tv Morning Joe MSNBC March 8, 2019 3:00am-6:00am PST
sentencing tells us. a trump administration said we're looking forward to manafort getting out of prison in time to lobby trump. >> wow. we'll be reading axios am in just a little while. >> i'm david gura alongside francfra frances rivera and louis burgdorf. "morning joe" starts now. if trump abides by anything, it's this -- never apologize. well, paul manafort didn't apologize either. for all of his crimes yesterday putting this exchange from november back into focus. >> it seems like you're leaning
towards pardoning paul manafort. is that true in. >> it's very poorly the way they're treating paul. i have not offered any pardons. i think they asked or whatever would you. i said i'm not taking anything off the table. >> good morning. this is "morning joe." mika's on assignment. along with willie and me, we have donny deutsch, david cevallos, former msnbc contributor barbara mcquaid. and, willie, my god, the sentencing, which the guidelines were at 20 years was service early reduced by this federal judge who had, boy, raised
questions about the way he handled this hearing and handled the trial from the very beginning. just an absolutely shocking sentence that, again, suggests that not on that paul manafort had no need to apologize in the eyes of this judge and also suggested that there are two americas when it comes to justice, that if you're a wealthy, white white-collar criminal, you're treated one way and if not you're treated another. >> paul manafort did not apologize. the recommendation was 19 to 19 1/2 years and he got four
years, who was fating between 19 1/2 and 24 years under federal guidelines but the judge called that range excess of and sentenced him to 27 months declaring that manafort had lived, quote, an otherwise blameless life. manafort did not apologize, nor did he express remorse. the judge also ordered manafort to pay $25 million in restitution and a $50,000 fine. while crediting manafort for the nine months in jail, which allows him to be released in about three years. manafort is set to be sentenced in washington, d.c. next week on two conspiracy counts, each of those carrying a maximum sentence of five years and, joe, there will be the question of when that is handed down by
judge amy berman jackson, whether those will be served consecutively while he is in prison. >> danny, will paul manafort have more time tacked ton to what he got in the northern virginia case? >> yes, he will. the sentencing guidelines for manafort in d.c. are way above even the statuary maximum. when that happens, the sentencing guidelines automatically become the statuary maximum. in d.c. that's two counts, five years up, you get ten years. that's the recommended guidelines right out of the gate for the judge is that ten-year maximum. that doesn't mean she'll sentence him to the full ten years. she might still go below the guidelines based on mitigating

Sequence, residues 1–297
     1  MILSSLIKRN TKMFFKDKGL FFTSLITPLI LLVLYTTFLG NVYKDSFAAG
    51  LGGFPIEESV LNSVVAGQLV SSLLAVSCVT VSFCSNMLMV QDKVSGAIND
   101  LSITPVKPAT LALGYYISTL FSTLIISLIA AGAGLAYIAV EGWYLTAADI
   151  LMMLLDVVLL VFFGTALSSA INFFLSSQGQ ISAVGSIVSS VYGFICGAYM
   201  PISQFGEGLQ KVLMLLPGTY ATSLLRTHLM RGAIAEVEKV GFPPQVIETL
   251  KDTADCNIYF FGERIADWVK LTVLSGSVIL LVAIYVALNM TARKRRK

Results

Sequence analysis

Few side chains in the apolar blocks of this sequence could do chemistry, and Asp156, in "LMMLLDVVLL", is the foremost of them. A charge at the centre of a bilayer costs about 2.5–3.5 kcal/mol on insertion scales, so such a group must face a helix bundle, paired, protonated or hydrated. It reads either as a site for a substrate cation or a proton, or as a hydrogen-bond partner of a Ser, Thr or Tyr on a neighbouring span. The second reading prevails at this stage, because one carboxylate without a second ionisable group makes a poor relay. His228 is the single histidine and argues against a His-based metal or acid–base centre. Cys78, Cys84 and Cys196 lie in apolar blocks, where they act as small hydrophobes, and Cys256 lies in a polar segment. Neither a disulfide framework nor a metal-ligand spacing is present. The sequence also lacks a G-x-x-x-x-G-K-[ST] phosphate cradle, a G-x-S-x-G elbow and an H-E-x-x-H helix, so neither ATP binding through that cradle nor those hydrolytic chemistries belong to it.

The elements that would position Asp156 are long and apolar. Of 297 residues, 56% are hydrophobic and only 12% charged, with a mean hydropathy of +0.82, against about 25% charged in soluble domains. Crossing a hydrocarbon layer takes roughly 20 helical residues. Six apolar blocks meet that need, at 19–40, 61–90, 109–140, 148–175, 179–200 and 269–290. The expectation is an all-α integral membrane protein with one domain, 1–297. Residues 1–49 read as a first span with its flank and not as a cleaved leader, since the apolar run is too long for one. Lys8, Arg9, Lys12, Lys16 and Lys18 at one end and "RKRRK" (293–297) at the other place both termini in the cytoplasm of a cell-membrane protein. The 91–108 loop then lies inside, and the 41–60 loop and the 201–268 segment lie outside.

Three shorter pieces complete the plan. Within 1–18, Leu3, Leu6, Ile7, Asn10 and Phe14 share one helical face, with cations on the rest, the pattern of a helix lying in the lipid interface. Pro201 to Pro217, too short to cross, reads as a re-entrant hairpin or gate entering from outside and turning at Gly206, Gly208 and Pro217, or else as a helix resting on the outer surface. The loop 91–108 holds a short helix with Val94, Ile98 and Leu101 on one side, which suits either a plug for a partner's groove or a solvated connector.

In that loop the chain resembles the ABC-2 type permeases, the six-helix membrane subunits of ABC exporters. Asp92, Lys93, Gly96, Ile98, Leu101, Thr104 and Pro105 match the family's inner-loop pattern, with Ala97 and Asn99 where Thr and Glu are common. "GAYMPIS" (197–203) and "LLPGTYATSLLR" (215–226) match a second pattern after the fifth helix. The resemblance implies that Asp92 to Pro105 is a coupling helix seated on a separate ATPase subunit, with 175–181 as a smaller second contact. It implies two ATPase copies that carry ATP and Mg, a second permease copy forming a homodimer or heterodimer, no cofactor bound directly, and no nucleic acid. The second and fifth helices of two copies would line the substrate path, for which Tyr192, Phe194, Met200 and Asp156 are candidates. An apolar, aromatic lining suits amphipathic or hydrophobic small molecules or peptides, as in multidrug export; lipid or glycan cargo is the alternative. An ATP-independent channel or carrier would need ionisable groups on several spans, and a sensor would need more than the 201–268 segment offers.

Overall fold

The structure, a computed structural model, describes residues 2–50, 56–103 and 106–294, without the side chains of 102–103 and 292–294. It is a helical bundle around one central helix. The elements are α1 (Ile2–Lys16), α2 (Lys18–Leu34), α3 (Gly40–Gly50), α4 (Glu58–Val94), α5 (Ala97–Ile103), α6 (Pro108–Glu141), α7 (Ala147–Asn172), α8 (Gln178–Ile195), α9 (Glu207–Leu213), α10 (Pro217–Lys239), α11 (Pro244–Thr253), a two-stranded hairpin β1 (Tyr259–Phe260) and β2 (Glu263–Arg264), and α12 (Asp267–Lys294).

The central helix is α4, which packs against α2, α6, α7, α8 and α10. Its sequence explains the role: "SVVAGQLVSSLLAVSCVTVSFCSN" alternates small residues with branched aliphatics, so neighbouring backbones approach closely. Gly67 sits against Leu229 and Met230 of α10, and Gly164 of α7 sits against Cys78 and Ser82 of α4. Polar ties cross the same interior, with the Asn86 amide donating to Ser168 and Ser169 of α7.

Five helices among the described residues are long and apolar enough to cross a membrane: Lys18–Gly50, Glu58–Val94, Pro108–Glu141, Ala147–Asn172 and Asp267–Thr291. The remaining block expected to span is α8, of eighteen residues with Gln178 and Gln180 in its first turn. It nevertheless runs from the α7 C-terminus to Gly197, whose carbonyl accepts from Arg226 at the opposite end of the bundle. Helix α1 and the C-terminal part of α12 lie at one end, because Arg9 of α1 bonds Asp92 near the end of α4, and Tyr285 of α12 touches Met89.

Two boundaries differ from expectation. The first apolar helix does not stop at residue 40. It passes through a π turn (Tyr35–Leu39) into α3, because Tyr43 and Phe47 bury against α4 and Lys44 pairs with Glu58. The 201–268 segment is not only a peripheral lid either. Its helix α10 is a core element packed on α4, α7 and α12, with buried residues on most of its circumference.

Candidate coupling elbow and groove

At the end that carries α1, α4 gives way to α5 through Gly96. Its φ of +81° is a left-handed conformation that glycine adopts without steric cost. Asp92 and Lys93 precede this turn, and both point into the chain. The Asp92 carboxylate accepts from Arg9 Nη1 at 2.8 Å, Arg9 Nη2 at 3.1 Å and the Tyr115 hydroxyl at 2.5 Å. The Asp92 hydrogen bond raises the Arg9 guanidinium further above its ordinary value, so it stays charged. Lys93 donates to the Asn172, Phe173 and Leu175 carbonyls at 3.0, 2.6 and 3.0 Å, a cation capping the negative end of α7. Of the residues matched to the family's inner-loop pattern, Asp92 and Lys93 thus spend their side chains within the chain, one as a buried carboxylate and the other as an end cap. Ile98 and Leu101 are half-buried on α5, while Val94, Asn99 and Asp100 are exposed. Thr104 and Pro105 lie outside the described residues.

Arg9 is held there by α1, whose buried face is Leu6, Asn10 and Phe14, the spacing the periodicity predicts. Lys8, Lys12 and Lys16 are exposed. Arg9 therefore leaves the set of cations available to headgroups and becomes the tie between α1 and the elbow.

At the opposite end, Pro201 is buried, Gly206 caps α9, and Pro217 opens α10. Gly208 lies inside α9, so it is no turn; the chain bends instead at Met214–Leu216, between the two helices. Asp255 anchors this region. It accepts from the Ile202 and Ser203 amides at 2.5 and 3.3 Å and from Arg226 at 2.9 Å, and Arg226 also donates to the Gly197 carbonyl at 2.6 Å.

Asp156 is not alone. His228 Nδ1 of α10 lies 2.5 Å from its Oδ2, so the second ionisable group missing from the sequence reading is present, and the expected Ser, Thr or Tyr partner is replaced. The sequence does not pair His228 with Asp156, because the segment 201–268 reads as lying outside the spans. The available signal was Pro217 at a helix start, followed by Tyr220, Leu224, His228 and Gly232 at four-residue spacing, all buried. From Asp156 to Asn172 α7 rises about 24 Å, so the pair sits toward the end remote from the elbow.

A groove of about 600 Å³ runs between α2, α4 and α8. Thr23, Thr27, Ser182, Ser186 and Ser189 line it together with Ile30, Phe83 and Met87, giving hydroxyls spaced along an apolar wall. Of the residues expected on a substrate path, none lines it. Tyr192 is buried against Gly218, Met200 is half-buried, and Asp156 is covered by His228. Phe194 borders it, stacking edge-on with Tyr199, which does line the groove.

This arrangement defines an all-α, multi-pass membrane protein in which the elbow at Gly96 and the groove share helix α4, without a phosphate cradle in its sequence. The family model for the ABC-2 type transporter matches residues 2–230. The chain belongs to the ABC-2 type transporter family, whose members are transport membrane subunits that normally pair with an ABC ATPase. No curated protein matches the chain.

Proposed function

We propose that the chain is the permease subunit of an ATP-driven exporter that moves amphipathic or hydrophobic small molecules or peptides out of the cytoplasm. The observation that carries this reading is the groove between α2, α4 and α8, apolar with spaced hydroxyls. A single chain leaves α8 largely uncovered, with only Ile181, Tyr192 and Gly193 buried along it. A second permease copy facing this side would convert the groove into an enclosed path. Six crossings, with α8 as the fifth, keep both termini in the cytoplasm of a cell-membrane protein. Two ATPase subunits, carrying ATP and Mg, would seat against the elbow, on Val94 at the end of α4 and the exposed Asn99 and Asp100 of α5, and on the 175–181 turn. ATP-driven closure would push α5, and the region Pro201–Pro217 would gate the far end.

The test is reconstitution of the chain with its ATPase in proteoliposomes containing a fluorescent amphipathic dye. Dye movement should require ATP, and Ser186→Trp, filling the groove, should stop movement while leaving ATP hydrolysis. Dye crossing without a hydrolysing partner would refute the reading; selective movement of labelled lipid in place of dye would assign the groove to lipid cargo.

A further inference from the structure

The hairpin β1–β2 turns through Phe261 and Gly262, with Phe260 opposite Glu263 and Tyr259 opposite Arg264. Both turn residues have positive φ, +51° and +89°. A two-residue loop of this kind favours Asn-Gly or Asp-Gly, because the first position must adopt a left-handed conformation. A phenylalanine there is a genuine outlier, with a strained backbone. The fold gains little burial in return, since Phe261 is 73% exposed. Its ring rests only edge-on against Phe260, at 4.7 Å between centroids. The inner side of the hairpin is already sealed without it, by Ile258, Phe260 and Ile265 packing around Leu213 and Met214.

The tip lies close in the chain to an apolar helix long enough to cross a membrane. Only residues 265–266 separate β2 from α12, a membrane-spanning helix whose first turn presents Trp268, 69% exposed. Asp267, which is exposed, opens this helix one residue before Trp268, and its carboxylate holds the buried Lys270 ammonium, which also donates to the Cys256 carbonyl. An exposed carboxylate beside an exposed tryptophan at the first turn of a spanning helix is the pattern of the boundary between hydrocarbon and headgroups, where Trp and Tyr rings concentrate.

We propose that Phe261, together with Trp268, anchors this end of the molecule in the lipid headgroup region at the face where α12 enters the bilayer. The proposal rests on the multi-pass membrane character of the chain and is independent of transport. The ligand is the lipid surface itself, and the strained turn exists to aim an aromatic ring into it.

factors, not aggravating factors. she could go below those guidelines but she will certainly be thinking about the sentence that paul manafort received, whether she speaks about it or not. >> so, danny, let me ask you, given the length of time that paul manafort created -- or engaged in these crimes and given that he did it at the highest levels of government and given that it could be argued that it damaged american democracy, how in the world could this judge go so far below the guidelines? >> the simple answer is because he can. the sentencing guidelines for well over a decade now have been advisory only. that means the judges can go below the sentencing guidelines. >> were you shocked he did? >> yes. in fact, it's on the record.
i did believe he would go below the sentencing years, rang in t range of 10 to 15 years. most defendants -- the guidelines are not a representation or an empirical study of how recent sentences have gone. they are promulgated by the sentencing commission and often you see courts go below and they can go above the guidelines because they legally can do so and have been able to do stow for many years now. >> barbara mcquaid, i would ask you how you feel about the sentence given because i know how you feel, because there's a quote from you calling the
sentence atrociously low and absurd. prosecutors said in court said we talked about paul manafort for 50 hours, we got nothing of value from him and we know now that he lied to us. >> i think this sentence is atrociously low, 47 months out average of 19 to 24 years. this is something you see quite a bit in white collar cases. danny out of the gate was expecting a sense tenexpect ing a sentence of 10 to 15 years. it is the evidence of two americas. we see in white collar crime cases where defendants get a huge break on their sentencing guidelin guidelines. they say things like paul manafort said i feel shame, i already feel punished because of the embarrassment i feel among my peers. tell that to the indigent defendant who doesn't have